Great Responsibility: A Legislative Reform Agenda for U.S. Arms Transfers and Civilian Harm

A Legislative Reform Agenda for US Arms Transfers, Congress Wants to Know More About UAE-F-35 Deal, Taiwan to Receive New Arms & more



October 19, 2020

Great Responsibility: A Legislative Reform Agenda for U.S. Arms Transfers and Civilian Harm 

Center for Civilians in Conflict, October 2020

A new policy brief from the Center for Civilians in Conflict (CIVIC) lays out a comprehensive set of recommendations for arms transfers reform aimed at reversing the steady decline in Congressional authority over American arms exports. 

When it comes to arms sales, the balance of power between the White House and Congress has come to list strongly towards the executive branch, which has allowed both democratic and republican administrations to prioritize the perceived short-term strategic and economic benefits of arms transfers to the detriment of more enduring national interests, foreign policy objectives, and fundamental U.S. values. 

As a result, U.S. arms have directly contributed to civilian harm and human rights abuses in a variety of volatile theatres, including attacks against civilians in Yemen; human rights abuses in Cameroon and Nigeria; and the spread of weapons to groups like the Islamic State and criminal gangs in Central America.

The policy brief lays out recommendations for reform in three key areas: 
  1. Clarifying additional requirements and responsibilities for the executive branch when negotiating and engaging in arms transfers, in order to mitigate against human rights violations and corruption risks;
  2. Strengthening Congressional oversight and responsibility for approving or disapproving arms transfers; and
  3. Increasing public transparency and awareness of both proposed and completed arms transfers.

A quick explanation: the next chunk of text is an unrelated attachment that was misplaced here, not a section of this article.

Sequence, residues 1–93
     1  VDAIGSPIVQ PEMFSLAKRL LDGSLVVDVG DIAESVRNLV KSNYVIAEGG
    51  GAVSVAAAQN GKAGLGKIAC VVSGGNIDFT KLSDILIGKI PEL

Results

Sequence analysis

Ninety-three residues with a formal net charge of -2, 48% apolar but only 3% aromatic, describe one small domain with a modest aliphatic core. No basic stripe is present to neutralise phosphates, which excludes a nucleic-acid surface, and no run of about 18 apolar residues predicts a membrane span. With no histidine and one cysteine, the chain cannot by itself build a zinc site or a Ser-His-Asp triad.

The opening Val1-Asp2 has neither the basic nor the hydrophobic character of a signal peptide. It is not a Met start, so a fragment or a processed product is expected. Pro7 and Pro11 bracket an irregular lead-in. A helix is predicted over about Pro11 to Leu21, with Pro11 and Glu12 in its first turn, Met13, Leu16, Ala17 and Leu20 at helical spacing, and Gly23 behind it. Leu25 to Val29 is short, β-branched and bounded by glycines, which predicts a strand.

To read the full brief, click here, or, to download a summary one-pager, click here

Security Assistance News & Research Roundup

News & Blog Posts

Pompeo: US committed to Saudi Arabia to deter Iran

The Hill, October 14

Secretary Pompeo stated that the U.S. is committed to a “robust” arms sales relationship with Saudi Arabia in order to counter Iranian regional influence while speaking with the Saudi Foreign Minister today. Pompeo praised the Kingdom as a “stabilizing force” in the region.

Will Trump sell F-35s to the UAE? Congress wants him to show his work.

Defense News, October 10

As a U.S. F-35 jet sale to the UAE moves at “breakneck speed,” some U.S. lawmakers accuse Trump of rushing the deal for political purposes & of ignoring U.S. security interests.

White House moves forward on three arms sales to Taiwan: sources

Reuters, October 12

The Trump administration plans to sell 3 more advanced weapons systems to Taiwan after reports to export 7 major weapons systems to Taiwan. Sources say that an informal notification was given to Congress in recent days. 

Putin proposes yearlong extension of nuclear pact with US

AP News, October 16